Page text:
The Fourth and Final Voyage
Henry Hudson’s fourth voyage to the New World was sponsored once more by the Muscovy Company. They changed their minds after losing interest in working with him after his second voyage had failed to find a route to Asia by sailing across the Pole. Even though his most recent voyage on behalf of the Dutch had failed to find a river passage, there was still a route explorer John Davis called the “Furious Overfall” that had not yet been tried. This route would take a sailor daring enough to try through the Hudson Strait where the tides rush through at great speed and the water rises thirty to sixty feet. In an attempt “to try if, through any of these inlets which Davis saw, but durst not enter, any passage might be found to the other ocean called the South Sea.” The Muscovy Company, eager to find a sea route to Asia, decided to once again entrust the mission to Hudson. Sailing on the bark Discovery, Hudson and his crew left from London on April 17th, 1610. The crew on this final voyage consisted of Henry Hudson, captain; Robert Juet, mate; John King, quartermaster; Robert Bylot; Edward Wilson, surgeon; Francis Clemens, boatswain; Silvanus Bond, cooper; Philip Staffe, carpenter; Arnold Lodlo, Michael Butt, Adame Moore, Syrake Fanner; John Williams, gunner; William Wilson, John Thomas, Michael Perse, Adrian Motter, able-bodied seamen; Abacuk Prickett and Bennett Mathues, landsmen; Thomas Wydowse (Woodhouse), a mathematician; and two boys, John Hudson, and Nicolas Syms. Juet, Staffe, Lodlo and Perse had served under Hudson on previous voyages. Another man named Henry Greene joined the ship farther down the river. Greene proved to be a difficult man and Hudson again experienced problems with his crew.
“A Chart of Hudson’s Straights and Bay of Davis Streights, and Baffin’s Bay as Published in the Year 1662,” An Account of a Voyage for the Discovery of a North-West Passage by Hudson’s Streights, to the Western and Southern Ocean of America, 1748-49, From The Library at The Mariners’ Museum, G650.1746.D75 rare.
The strait was four hundred and fifty miles long and one hundred miles wide. Its position was so near the Magnetic Pole it made compass use impossible, and the dangerous tides moved ice floes back and forth across its waters. Had Hudson attempted it several weeks later, the worst of the danger from ice would have passed, but because of the ice he found it impossible to keep to a westward course, so took the ship south. They came upon the coast of Labrador and turned north again. A second unsuccessful attempt to travel through the strait sent the ship south again and they entered Ungava Bay. Sailing north once more, they reached an island near the northwest cape of the Bay. From there, the Discovery sailed westward along the southern shore of the Bay until she came into a “great and whirling sea.” Polar bears amazed the sailors as they swam and played among the ice floes, but the crew grew uneasy sailing with the floating masses of ice and gradually began to feel that Hudson had no idea of their location. Mate Robert Juet openly made fun of Hudson and his plan for reaching the Indies. Instead of dealing with the disrespect in a firm manner, Hudson tried to talk with his crew and showed them his charts in order to convince them of the wisdom of his plan.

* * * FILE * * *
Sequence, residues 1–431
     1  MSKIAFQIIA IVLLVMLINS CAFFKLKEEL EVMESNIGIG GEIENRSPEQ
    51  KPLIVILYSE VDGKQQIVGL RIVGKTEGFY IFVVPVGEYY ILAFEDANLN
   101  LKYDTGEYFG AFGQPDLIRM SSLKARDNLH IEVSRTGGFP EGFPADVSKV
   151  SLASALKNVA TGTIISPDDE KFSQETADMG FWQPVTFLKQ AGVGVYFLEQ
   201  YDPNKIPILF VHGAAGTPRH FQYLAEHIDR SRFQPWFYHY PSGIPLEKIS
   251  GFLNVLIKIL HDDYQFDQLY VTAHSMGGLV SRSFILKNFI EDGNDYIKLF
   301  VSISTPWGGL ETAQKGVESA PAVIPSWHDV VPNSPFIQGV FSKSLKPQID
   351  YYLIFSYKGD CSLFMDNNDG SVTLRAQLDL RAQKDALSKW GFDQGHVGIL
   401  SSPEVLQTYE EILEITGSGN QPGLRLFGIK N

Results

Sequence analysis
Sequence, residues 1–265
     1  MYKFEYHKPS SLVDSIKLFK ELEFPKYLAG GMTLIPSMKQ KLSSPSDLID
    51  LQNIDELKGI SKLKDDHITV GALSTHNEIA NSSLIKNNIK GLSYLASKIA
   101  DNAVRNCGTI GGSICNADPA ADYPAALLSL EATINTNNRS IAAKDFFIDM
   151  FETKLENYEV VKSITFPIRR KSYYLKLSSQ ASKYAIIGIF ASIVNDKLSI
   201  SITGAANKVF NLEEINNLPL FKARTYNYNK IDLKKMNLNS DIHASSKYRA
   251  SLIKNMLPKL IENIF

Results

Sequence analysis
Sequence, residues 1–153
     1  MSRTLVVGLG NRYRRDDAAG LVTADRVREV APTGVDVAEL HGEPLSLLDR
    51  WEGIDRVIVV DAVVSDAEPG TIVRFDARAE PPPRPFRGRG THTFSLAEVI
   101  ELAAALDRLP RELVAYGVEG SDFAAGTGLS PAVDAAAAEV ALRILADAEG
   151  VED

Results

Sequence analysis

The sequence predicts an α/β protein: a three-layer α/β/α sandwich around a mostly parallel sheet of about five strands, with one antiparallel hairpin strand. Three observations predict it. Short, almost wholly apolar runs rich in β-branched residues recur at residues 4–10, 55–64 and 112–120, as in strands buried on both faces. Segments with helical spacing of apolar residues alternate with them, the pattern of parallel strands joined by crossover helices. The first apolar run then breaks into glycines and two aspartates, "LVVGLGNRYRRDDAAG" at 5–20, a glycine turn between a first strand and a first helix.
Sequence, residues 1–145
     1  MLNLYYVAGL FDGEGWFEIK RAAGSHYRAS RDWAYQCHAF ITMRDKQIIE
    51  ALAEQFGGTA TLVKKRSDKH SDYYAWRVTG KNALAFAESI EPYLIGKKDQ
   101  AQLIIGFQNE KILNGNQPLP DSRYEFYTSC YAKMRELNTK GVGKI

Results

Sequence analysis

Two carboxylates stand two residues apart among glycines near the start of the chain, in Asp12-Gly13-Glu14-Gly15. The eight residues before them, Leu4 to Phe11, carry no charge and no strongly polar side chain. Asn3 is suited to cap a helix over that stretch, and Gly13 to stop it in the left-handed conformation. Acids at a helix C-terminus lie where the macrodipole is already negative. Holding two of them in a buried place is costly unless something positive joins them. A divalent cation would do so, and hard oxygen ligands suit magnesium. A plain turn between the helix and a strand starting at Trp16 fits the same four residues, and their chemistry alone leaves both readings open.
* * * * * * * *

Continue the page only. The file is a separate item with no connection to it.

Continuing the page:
It was August when the ship sailed between Cape Digges and Cape Wolstenholme and Hudson and his crew felt the most dangerous part of their voyage was behind them. As the ship passed through the narrows that separated the two towering capes, Hudson made what would be the last entry in his journal. He sent several men in a small boat to explore the surrounding land. While ashore the men found a storehouse full of food and wanted to remain in the area for some days, but Hudson was determined to venture further into the bay and began to sail southward, sure that when he entered James Bay, he would finally have found the passage that would lead to the Great Sea. As he sailed back and forth within James Bay without finding the passage, the crew again became disgruntled. Hudson’s navigation was ridiculed and this time Hudson accused Mate Robert Juet of disloyalty. Juet demanded a trial before the entire crew. Several crewmen testified to Juet’s conniving and traitorous remarks and sided with Hudson. Juet was demoted and his pay was cut. Others of the crew who had sided with Juet in criticism of Hudson were also dismissed from their positions and replaced. Hudson promised the demoted and disgraced men that future good behavior would go far toward forgiveness, but the damage was done. Robert Juet nursed his grudge, powerless for the moment.
“A Chart of Hudson’s Straits & Bay,” An Account of a Voyage for the Discovery of a North-West Passage by Hudson’s Streights, to the Western and Southern Ocean of America, 1748-49, From The Library at The Mariners’ Museum, G650.1746.D75 rare.
As the crew tried to survive the harsh winter, scurvy broke out. Hunger and disease began to take a toll on the men, reducing them to eating moss. The discovery of a tonic that could be brewed from a tree bud (probably tarmac), helped with their ailments. When the melting ice signaled the onset of spring, a native appeared. The visit was friendly and the native left with some trade items given by Hudson, returning later with skins and meat. The native concluded after further dealings with the English that they were by nature greedy and untrustworthy. The native never returned, and Hudson and his crew had to once again provide for themselves. As spring advanced, James Bay filled with fish. On the first day of fishing the records show the crew caught over five hundred fish. They never did as well again and food once more became scarce.